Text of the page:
12. deepred

    deepred Member

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    Part 3 gets very deep with Chris almost being raped by Jason. I found her character and experiences very real - especially how she feels haunted by her past and cannot let it go. I don't think a character was as well rounded as Chris till Claire in Silence of the Lambs.
     
  13. DVD-fanatic-9

    DVD-fanatic-9 And the Next Morning, When the Campers Woke Up...

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    http://www.youtube.com/watch?v=t4ONk88Xln4 (35:29)

    I was pretty close.
     
  14. ThisEvilBastard

    ThisEvilBastard Banned Mofo

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    Yeah they all have some depth not just death to them.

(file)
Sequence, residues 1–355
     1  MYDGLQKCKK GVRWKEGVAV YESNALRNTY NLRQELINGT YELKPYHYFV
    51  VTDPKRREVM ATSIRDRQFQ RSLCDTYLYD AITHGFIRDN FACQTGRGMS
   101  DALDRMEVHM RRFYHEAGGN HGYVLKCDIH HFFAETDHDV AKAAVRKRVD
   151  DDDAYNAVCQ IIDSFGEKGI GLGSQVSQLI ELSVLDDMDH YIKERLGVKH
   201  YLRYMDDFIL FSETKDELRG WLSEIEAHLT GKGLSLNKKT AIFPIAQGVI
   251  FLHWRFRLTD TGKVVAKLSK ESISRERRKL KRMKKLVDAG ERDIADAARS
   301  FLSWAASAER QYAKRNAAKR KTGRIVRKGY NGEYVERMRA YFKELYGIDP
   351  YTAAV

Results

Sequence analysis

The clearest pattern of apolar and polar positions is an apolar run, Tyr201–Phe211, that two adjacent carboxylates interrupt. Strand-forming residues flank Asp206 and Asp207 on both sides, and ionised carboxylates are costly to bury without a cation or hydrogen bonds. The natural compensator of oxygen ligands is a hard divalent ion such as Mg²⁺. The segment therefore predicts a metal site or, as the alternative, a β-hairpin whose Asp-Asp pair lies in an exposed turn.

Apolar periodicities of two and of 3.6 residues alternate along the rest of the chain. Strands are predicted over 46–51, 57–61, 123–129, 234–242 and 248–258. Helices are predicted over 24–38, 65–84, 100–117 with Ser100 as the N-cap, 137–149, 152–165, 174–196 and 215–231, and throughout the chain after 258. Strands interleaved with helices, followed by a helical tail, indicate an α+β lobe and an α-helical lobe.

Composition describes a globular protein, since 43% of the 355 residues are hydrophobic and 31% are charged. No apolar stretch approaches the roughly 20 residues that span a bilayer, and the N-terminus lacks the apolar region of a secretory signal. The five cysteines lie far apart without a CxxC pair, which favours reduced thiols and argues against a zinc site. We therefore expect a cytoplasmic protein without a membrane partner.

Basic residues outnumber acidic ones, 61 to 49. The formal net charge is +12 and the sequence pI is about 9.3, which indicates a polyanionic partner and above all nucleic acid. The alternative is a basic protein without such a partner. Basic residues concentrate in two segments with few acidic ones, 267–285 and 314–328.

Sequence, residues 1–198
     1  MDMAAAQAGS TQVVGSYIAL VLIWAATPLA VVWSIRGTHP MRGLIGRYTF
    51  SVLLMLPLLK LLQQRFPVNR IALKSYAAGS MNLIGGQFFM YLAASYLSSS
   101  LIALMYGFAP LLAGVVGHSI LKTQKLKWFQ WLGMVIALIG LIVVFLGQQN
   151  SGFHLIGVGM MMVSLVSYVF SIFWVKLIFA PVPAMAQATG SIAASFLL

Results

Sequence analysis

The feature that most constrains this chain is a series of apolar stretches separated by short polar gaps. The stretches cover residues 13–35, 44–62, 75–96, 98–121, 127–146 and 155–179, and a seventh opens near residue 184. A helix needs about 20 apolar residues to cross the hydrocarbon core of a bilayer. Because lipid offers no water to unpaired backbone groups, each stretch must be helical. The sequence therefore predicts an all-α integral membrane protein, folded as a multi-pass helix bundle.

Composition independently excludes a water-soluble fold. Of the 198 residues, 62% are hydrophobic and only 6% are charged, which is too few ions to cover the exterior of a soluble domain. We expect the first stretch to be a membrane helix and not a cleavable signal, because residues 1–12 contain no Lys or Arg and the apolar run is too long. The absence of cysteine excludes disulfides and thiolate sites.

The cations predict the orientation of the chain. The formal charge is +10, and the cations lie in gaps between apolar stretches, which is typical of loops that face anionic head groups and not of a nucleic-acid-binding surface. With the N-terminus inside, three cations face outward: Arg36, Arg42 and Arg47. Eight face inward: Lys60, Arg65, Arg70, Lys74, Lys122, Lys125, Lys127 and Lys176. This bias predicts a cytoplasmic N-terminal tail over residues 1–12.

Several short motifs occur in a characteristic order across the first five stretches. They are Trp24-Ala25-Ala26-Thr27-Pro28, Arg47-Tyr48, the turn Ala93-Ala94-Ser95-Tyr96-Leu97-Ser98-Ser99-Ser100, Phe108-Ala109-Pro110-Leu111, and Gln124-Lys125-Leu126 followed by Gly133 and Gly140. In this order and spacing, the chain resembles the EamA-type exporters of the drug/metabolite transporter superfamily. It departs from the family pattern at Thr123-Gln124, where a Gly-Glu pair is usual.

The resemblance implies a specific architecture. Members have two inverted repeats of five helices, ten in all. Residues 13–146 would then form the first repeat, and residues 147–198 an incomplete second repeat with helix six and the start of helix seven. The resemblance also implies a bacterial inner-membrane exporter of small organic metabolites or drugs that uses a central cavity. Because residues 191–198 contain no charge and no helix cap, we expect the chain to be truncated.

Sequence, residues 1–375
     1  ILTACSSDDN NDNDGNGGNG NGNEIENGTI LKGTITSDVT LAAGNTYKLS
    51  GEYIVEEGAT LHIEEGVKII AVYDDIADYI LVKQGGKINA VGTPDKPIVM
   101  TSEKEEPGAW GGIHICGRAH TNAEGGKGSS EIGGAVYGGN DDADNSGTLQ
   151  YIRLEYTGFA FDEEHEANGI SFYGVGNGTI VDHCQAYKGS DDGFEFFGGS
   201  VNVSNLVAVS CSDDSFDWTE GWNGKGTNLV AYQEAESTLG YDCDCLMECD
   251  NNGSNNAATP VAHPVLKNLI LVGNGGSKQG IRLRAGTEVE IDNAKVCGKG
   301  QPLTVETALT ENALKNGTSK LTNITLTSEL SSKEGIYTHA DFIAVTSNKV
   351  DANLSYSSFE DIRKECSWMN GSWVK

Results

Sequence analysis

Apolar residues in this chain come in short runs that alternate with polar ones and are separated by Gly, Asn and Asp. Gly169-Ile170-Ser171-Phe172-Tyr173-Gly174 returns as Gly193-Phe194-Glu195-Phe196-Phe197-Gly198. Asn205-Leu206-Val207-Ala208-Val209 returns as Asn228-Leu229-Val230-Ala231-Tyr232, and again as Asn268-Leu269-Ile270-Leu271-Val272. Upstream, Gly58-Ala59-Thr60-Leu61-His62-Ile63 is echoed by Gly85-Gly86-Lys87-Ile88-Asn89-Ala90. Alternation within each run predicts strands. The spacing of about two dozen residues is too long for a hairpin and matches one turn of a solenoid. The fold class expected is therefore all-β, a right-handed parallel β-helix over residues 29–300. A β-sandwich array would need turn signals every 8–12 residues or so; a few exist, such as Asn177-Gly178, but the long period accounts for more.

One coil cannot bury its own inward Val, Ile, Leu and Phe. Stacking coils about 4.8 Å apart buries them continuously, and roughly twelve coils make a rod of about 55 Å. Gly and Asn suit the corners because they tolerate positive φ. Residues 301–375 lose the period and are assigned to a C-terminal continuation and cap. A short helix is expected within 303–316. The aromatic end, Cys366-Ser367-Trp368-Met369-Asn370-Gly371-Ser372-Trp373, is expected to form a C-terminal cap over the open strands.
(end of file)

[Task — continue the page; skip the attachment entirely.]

Part 1 is a who done it film
    Part 2 ginny uses her child psychology on Jason
    Part 3 is the nightmares we keep inside us can destroy us
    Part 4 is Tommy's world get's used against him
    Part 5 is a rip off of Part 1
    Part 6 is a Killing the demon's may not be the best option
    Part 7 is that your mind can help you do anything
    Part 8 is that you will always be around monsters of all kinds
    Part 9 is that you need some horror to get back your love
    Part 10 is space is a good ride
    Part 11 is nothng
     
  15. Body Boy

    Body Boy Well-Known Member

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    Oh, I was expecting something completely verbatim, since tits and blood is a generic phrase for stereotyping horror films. Thanks for the clip though.

    Ummm...

    Part 2 and the psychology of a killer with a childlike mind could be one.

    Part 3, as mentioned before, was good with the rape scene. I totally forgot about that. There may be some stretching that can be done for that one as well.

    Part 4... I think the Tommy's world thing is interesting, and his transformation may be taking back his world. But this is probably pushing it.